2. KITCHEN ISLAND SIZE NOT IDEAL. I would LOVE to have a huge (12′ -14′ long) kitchen island with tons of prep space and storage on all four sides! Obviously, my 8′ x 4′ isn’t terrible, BUT a large island with ample storage is a MUST in my next home build!

CONCLUSION

I hope you now feel more excited and confident in creating a list of kitchen layout must-haves (and no-nos) to communicate to your builder or architect! My FREE guided worksheet, How to Balance Style vs. Budget’ will walk you through this exercise (just change the word ‘home’ to ‘kitchen’ in the freebie)!

I would love to hear from YOU! Please comment below with your own FAV and NOT-SO-FAV things about your own current kitchen layout! This is super helpful to others who are on the same kitchen design journey as you … it’s always great to learn from others’ experiences!

  1. Tasha says:

    My kitchen conundrum is the vent under my kitchen sink. Heat is nice on a cold Winter day, but cold air even in Summer is a little much . And since my sink is on an exterior wall, the I see the necessity of heat.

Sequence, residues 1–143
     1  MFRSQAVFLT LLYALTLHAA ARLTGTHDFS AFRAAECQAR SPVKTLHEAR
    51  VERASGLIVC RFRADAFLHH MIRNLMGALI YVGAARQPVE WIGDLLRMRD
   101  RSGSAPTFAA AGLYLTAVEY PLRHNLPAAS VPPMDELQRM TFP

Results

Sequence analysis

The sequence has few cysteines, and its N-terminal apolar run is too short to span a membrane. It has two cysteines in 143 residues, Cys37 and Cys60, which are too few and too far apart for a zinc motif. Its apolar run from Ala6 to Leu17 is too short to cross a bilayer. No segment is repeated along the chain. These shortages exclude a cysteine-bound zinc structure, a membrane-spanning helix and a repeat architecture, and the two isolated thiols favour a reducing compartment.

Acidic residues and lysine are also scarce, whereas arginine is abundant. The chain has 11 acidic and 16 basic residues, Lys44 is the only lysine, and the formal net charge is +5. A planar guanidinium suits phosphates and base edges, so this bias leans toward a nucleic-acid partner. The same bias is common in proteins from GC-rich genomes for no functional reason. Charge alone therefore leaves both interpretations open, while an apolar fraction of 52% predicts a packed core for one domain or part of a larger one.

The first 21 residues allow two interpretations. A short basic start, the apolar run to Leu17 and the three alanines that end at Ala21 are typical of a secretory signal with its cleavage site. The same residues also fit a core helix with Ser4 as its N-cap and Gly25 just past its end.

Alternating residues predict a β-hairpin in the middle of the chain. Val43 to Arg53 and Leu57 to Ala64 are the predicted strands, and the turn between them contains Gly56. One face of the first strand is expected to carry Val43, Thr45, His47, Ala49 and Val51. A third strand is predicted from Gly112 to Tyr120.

2. Meg Holycross says:

    Your kitchen is beautiful! Would you please be willing to share what your hardwood floors are? We are getting ready to replace all the flooring on our first floor. Thank you!!
    P.S. I love your “hidden” pantry…so clever!

  3. I love this post! I like to know practical things about what makes a kitchen work well and not just how pretty it is. I’m not in the building process (yet!) but I like to think about what I would want in my home when the time comes and I got some great takeaways from your post.

    We’re currently renting and my main complaint about our kitchen is the need for drawers inside of cabinets. ALL kitchens should come with them standard! And the layout of the dishwasher vs the cabinets that hold everyday dishes doesn’t really work the best but we make do for now. Again thanks for the great post!